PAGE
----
NASA Logo

NTRS

NTRS - NASA Technical Reports Server

Back to Results
Variability of Antarctic Sea Ice 1979-1998The principal characteristics of the variability of Antarctic sea ice cover as previously described from satellite passive-microwave observations are also evident in a systematically-calibrated and analyzed data set for 20.2 years (1979-1998). The total Antarctic sea ice extent (concentration > 15 %) increased by 13,440 +/- 4180 sq km/year (+1.18 +/- 0.37%/decade). The area of sea ice within the extent boundary increased by 16,960 +/- 3,840 sq km/year (+1.96 +/- 0.44%/decade). Regionally, the trends in extent are positive in the Weddell Sea (1.5 +/- 0.9%/decade), Pacific Ocean (2.4 +/- 1.4%/decade), and Ross (6.9 +/- 1.1 %/decade) sectors, slightly negative in the Indian Ocean (-1.5 +/- 1.8%/decade, and strongly negative in the Bellingshausen-Amundsen Seas sector (-9.5 +/- 1.5%/decade). For the entire ice pack, small ice increases occur in all seasons with the largest increase during autumn. On a regional basis, the trends differ season to season. During summer and fall, the trends are positive or near zero in all sectors except the Bellingshausen-Amundsen Seas sector. During winter and spring, the trends are negative or near zero in all sectors except the Ross Sea, which has positive trends in all seasons. Components of interannual variability with periods of about 3 to 5 years are regionally large, but tend to counterbalance each other in the total ice pack. The interannual variability of the annual mean sea-ice extent is only 1.6% overall, compared to 5% to 9% in each of five regional sectors. Analysis of the relation between regional sea ice extents and spatially-averaged surface temperatures over the ice pack gives an overall sensitivity between winter ice cover and temperature of -0.7% change in sea ice extent per K. For summer, some regional ice extents vary positively with temperature and others negatively. The observed increase in Antarctic sea ice cover is counter to the observed decreases in the Arctic. It is also qualitatively consistent with the counterintuitive prediction of a global atmospheric-ocean model of increasing sea ice around Antarctica with climate warming due to the stabilizing effects of increased snowfall on the Southern Ocean.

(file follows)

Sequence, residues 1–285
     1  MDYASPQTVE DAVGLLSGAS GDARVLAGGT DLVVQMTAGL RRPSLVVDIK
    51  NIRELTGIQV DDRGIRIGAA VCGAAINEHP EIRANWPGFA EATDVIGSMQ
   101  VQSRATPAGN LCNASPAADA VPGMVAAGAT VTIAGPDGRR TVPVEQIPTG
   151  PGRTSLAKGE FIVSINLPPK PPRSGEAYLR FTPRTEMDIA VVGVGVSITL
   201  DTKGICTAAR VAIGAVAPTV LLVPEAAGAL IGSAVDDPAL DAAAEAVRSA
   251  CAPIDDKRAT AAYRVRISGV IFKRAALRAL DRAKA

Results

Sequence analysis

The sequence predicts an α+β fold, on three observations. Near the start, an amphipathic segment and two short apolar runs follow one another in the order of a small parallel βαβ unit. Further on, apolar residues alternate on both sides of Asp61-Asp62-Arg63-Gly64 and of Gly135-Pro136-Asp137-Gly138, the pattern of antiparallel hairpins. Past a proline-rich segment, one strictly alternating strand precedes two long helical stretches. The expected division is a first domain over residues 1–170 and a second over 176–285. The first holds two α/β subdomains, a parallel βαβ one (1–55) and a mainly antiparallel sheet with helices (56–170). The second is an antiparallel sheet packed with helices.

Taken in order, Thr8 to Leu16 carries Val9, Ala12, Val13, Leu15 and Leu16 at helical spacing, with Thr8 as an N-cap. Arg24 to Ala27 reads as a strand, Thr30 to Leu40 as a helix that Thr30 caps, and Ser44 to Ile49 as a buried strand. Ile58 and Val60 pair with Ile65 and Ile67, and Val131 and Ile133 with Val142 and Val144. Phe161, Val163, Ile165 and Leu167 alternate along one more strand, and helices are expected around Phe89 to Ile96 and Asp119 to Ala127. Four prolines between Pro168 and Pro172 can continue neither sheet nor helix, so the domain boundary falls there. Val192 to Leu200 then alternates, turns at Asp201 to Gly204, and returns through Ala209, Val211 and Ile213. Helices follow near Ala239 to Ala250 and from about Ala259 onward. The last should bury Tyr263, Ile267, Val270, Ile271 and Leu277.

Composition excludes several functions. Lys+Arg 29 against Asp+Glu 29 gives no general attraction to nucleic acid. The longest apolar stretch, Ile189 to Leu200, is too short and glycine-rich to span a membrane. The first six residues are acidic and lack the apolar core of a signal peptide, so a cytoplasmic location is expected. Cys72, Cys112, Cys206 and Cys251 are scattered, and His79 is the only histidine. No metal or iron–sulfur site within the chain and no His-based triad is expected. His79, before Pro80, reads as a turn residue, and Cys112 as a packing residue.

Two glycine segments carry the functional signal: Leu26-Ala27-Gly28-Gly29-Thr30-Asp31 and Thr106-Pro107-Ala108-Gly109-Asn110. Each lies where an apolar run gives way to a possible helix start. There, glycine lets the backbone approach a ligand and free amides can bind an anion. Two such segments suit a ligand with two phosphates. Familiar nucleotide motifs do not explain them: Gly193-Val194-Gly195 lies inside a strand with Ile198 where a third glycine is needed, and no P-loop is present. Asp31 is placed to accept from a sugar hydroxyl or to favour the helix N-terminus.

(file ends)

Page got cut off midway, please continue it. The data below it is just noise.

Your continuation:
Document ID
20010100393
Document Type
Preprint (Draft being sent to journal)
Authors
Zwally, H. Jay
(NASA Goddard Space Flight Center Greenbelt, MD United States)
Comiso, Josefino C.
(NASA Goddard Space Flight Center Greenbelt, MD United States)
Parkinson, Claire L.
(NASA Goddard Space Flight Center Greenbelt, MD United States)
Cavalieri, Donald J.
(NASA Goddard Space Flight Center Greenbelt, MD United States)
Gloersen, Per
(NASA Goddard Space Flight Center Greenbelt, MD United States)
Koblinsky, Chester J.
Date Acquired
September 7, 2013
Publication Date
January 3, 2001
Subject Category
Oceanography
Distribution Limits
Public
Copyright
Work of the US Gov. Public Use Permitted.

Available Downloads

NameType 20010100393.pdf STI
No Preview Available